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year after year the course of Wadi Gaza became deeper in the loess sediments, until it reached the gravel horizon of the Lower Pleistocene. The studied part of the Wadi represents an old stage. Eight meanders can be observed along its course between the armistice in the East and its mouth at the Mediterranean coast in the west. These meanders were caused by the already existing sanddunes that were standing as obstacles in the course of wadi. Another geomorphologic feature is also observed along the course of the Wadi. It is represented by the existence of one terrace along most of its course on one or on both sides. This terrace represents mostly a climatic knick point. It is marked by the intercalating pebbly layer in the middle parts of the loess sediments. Morphology of Wadi Gaza: Wadis Gaza is the largest wadi of Gaza strip it crosses Gaza strip south of Gaza City from East to West. Wadi Gaza length is about 9 km in Gaza and it extends into the armistice border for about 95 km where it collects the water from a big catchment area (3600 km2) from the Hebron mountains and the Northern Negeve. The width and depth of Wadi Gaza varies a lot a long it is way to the Mediterranean Sea. It is as wide as 60-40 meters in the eastern and middle part of it, while in the west at its mouth to the sea it becomes more than 400 m wide. The depth of Wadi Gaza as well varies from 12-6 meters in the East, while it becomes less deep in the West up to 3-4 meters till it reaches the zero level at the mouth. Basic morphological information on wadi Gaza is shown in table 2.5. The southern cliff of the Wadi is always higher than the Northern one. Wadi Gaza has a small tribute of it, comes from the south east of Gaza called " Wadi Abu Kattroon " it ends at Wadi Gaza at eastern part of it opposite to Alburaij refugee camp from the northern east side. This tribute is minor one since it depends on the local catchment of Gaza area and doesn’t feed Wadi Gaza with signification quantity of discharge. At a short distance from the green line (international border) there is another tribute feeds Wadi Gaza, it is called Wadi Alshallalah and it comes from the Northern Negeve. The major wadi stream channel comes from the Hebron mountains, and this main stream was diverted by the Israelis to an adjacent area where its been stopped their and collected at basins located 6 km east of Gaza. The vegetation in the Wadi is dominated by Tamarisk growing on the dunes and sand deposits in and around the Wadi bed. The wetter areas have stands of Typha which also fringe the water body near the outlet to the sea. Around 125 ha of saltmarshes recorded in the Gaza Environmental Profile of 1994 have disappeared following construction of the sea bridge at Wadi Gaza mouth in 1996. This has disrupted the outlet, affected windblown sand deposition, improved access to the public, and generally modified the whole of the ecology and geomorphology of the Wadi Gaza estuary. Foundations of the bridge have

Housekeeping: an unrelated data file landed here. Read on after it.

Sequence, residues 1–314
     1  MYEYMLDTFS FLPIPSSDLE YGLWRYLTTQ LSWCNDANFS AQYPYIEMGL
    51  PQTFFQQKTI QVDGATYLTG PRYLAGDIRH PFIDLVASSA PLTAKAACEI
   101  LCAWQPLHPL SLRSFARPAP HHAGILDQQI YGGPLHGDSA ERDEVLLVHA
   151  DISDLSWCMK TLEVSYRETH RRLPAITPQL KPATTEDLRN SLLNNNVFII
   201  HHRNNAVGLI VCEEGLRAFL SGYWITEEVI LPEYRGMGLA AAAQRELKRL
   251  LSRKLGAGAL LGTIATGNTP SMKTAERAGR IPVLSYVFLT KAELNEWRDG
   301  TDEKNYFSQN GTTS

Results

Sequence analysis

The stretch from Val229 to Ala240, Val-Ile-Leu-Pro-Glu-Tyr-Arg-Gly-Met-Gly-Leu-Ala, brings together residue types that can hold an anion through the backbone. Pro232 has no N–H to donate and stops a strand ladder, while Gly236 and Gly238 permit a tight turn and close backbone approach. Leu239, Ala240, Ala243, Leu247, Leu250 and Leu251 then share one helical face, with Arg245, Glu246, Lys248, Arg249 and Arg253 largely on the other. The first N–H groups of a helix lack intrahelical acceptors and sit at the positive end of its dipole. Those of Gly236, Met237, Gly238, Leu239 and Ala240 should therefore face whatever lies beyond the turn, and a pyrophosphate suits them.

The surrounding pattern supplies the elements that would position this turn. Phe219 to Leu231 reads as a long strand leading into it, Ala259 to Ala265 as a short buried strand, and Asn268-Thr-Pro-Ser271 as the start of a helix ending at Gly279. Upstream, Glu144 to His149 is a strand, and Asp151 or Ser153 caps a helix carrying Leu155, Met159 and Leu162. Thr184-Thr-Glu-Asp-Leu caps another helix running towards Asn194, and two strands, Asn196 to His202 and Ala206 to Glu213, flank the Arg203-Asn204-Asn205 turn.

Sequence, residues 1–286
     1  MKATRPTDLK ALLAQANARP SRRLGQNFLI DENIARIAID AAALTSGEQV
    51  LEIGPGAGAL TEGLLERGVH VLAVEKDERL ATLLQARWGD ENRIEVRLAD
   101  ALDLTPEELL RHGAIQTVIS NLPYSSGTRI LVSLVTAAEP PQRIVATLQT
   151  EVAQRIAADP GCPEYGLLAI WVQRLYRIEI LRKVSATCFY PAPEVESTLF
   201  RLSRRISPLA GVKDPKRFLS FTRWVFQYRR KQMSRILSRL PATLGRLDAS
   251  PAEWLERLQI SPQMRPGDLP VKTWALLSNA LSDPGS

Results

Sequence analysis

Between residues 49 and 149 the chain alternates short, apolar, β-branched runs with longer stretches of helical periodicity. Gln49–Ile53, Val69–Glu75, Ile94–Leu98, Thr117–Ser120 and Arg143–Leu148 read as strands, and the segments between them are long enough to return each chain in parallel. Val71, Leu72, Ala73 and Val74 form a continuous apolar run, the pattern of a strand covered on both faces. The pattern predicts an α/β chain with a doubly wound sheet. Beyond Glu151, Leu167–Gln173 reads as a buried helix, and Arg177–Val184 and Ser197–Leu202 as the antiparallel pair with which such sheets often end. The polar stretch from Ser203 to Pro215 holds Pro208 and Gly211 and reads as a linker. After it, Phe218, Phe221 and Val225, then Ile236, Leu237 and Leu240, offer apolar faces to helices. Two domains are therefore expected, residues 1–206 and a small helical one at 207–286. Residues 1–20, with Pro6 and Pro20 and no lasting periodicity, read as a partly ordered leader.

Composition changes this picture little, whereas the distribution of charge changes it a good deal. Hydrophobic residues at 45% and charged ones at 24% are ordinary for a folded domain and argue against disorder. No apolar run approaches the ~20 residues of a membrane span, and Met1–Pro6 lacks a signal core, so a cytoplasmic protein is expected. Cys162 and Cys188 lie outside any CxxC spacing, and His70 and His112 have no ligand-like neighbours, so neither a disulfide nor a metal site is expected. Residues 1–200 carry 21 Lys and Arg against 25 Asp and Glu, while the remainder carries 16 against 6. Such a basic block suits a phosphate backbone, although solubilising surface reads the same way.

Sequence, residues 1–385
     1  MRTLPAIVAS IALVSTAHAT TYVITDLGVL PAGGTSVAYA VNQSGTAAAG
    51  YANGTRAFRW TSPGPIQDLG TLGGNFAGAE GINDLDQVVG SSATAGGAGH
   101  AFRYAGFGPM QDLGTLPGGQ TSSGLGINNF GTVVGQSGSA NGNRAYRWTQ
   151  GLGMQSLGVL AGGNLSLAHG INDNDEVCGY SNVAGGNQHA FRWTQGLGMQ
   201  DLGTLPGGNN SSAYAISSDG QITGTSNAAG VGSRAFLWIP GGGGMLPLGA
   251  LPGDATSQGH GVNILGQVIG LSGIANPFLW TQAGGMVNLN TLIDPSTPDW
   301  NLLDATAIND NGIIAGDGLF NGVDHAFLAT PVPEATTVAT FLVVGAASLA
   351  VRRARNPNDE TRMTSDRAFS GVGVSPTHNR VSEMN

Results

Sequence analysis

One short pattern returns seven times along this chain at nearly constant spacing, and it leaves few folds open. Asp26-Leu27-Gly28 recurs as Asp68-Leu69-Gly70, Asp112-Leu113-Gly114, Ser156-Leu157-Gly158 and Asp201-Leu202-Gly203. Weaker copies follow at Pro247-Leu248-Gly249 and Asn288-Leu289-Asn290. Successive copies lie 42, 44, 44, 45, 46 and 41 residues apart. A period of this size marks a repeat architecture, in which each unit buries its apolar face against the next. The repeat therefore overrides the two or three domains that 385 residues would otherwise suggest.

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also blocked the river course and therefore raised the level of water in the wetland pond. While this may be the case, it is evident that sand accumulation, either brought down by Wadi Gaza in recent floods, or deposited during sea storm events is the another proximate cause of the blockage. During westerly storms, seawater may be pushed over the sand barrier into the Wadi, maintaining brackish conditions in the downstream part of the system.